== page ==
Figure 2: Total population cared for by the staff of the Bhil Rural Community Health Center, RMF’s latest project in Jhabua district


With the help of the Harvard Medical Students, RMF is planning the expansion of these services further, by constructing a rural clinic in a village and building a mobile health van. Similar to the RMF’s HIV program in Jhabua district, this model has the potential to rapidly expand and achieve sustainability through linking to the Indian Government’s National Rural Health Mission, the world’s largest public health program.

Free education and boarding for poor tribal children

The Harvard Medical Students, similar to their predecessor in 2008 spent much of their time teaching the students of Bhil Academy, a residential school founded by RMF’s country director in 1999, which is located in the town of Jhabua. These children are selected from the poorest families in the surrounding villages (identified through health workers) and receive their education in English, live on campus and engage in a variety of extracurricular activities including sports, performing arts and competitions with other schools. Learning science and having day-to-day conversations in English poses an initial challenge for these children, because they come from very poor households, and may have suffered from malnutrition as children. In order to monitor their nutrition status, each student was assessed for weight, height and anemia. While most girls and boys fared well in the nutritional assessment, those with signs of malnutrition and anemia received appropriate medical care and special attention while taking their meals.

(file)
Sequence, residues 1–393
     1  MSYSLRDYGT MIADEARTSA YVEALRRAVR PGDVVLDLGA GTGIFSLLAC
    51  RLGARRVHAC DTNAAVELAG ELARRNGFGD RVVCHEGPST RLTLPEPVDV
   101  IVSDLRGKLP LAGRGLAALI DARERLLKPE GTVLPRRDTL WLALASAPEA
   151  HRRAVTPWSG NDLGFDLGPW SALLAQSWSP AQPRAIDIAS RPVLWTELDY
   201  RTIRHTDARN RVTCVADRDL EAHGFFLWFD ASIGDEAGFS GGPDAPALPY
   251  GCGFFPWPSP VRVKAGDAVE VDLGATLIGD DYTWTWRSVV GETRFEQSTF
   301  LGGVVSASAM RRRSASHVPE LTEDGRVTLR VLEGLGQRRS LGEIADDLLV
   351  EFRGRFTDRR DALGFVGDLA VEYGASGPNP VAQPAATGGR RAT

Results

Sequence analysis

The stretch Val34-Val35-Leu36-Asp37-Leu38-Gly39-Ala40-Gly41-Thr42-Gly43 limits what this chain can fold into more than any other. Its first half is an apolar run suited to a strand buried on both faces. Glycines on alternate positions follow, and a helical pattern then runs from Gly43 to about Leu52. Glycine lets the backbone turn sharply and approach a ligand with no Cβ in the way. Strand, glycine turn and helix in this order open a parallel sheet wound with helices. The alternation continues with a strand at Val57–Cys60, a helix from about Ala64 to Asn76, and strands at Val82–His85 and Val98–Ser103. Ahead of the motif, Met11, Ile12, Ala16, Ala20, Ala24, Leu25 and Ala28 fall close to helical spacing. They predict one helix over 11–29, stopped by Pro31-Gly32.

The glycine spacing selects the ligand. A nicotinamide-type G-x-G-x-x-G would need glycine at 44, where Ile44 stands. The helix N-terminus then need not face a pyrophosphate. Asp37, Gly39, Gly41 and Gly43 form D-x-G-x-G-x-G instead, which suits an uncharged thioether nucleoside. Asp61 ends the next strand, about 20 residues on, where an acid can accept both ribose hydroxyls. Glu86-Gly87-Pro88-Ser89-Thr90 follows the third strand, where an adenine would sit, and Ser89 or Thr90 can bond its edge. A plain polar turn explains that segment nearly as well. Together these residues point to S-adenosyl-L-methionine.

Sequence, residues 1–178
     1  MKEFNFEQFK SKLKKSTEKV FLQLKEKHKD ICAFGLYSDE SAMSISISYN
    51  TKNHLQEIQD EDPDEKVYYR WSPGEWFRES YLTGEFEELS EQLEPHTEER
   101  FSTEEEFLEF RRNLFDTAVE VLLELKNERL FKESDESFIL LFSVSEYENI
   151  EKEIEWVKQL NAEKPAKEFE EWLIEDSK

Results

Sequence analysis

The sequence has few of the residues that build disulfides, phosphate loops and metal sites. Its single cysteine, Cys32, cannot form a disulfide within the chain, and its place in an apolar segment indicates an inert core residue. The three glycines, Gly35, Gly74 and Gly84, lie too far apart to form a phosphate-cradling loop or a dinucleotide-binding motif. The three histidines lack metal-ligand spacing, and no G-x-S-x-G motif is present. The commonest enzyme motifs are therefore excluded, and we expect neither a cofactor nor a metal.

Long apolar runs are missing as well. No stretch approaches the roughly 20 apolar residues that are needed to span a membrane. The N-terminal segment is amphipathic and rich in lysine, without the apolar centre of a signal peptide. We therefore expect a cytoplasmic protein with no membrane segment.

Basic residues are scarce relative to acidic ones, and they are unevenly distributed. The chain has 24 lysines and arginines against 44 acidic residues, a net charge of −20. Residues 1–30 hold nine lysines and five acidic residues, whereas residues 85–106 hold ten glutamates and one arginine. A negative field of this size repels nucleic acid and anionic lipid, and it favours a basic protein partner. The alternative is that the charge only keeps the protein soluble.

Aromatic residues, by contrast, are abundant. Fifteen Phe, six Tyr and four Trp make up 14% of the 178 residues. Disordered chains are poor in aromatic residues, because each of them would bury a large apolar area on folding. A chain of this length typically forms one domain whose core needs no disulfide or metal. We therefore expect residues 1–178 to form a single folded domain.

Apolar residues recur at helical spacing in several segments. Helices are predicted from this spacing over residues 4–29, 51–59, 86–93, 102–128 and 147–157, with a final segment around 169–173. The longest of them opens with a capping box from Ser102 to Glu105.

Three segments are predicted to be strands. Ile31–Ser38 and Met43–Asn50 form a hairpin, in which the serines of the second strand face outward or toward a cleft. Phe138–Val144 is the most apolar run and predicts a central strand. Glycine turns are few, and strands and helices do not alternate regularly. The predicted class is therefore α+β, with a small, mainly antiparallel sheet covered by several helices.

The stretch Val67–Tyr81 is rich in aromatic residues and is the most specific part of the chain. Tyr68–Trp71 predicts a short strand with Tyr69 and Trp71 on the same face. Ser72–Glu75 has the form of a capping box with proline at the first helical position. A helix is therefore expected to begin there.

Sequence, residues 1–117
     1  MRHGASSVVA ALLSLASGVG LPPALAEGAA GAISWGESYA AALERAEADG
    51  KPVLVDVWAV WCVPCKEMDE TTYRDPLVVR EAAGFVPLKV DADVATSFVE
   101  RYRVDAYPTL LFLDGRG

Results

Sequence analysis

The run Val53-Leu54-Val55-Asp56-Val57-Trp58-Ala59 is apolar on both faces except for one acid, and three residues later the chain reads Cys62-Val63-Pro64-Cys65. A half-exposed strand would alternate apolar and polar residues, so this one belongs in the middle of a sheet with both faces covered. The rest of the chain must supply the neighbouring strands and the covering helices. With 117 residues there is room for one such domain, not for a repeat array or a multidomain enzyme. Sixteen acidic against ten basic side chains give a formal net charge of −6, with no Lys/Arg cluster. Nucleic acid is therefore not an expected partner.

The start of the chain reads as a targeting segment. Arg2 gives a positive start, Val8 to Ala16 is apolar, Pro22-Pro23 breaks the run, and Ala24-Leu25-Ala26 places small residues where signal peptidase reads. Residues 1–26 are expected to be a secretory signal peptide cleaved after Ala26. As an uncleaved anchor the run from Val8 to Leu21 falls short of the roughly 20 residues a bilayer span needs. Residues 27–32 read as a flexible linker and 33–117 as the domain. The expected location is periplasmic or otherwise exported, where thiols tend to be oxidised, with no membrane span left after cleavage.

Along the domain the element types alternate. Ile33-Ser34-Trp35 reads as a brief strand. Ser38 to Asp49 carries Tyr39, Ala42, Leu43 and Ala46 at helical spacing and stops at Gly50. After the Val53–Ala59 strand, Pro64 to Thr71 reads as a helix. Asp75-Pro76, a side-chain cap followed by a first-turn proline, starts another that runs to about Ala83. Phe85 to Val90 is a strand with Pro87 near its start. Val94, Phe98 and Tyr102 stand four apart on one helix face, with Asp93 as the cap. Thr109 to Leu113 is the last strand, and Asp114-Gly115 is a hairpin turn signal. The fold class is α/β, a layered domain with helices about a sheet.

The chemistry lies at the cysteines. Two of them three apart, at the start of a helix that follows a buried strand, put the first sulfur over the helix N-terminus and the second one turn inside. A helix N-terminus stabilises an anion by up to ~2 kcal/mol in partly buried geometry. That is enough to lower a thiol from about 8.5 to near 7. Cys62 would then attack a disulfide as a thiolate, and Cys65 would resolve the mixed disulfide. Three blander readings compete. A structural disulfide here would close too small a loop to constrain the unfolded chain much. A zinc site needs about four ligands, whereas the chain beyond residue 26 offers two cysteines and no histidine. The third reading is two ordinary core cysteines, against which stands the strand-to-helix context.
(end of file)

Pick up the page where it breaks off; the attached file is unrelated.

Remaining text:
Figure 3: Nutrition status of 81 girls and 141 boys from age 4 – 14 years of age, who study at Bhil Academy, a residential school for poor tribal children in Jhabua.


In addition, several students suffered from minor medical problems, such as infected wounds, cysts, ENT problems, as well as more serious conditions, such as extra pulmonary tuberculosis, which is non-infectious. All these students were frequently referred to RMF’s partner hospital to receive appropriate care and treatment. In addition, two adult cases received special attention. The father of one of the students fractured his femur, which was complicated by underlying diabetes and hepatitis. After almost 3 weeks in hospital, he was operated successfully and is ready to be discharged. A more serious case of a 21-year-old kidney transplant patient also received care from the Harvard Medical Students and RMF’s Country Director. This young man had come from his village showing signs of graft rejection and kidney failure, for which he is receiving dialysis and immunosuppressive treatment at a specialty hospital. It is too early to know the outcome of this case, but RMF is continuing to provide free care and treatment to its people of Jhabua to make a difference in the lives of children and adults in a holistic and sustainable way.

Read Matt Oertli and Tyler Chernin, two 4th year students of Harvard Medical School’s RMF blog about their experience in Jhabua, here.


Country Page: India Initiative Page: HIV/AIDS Prevention & Care Program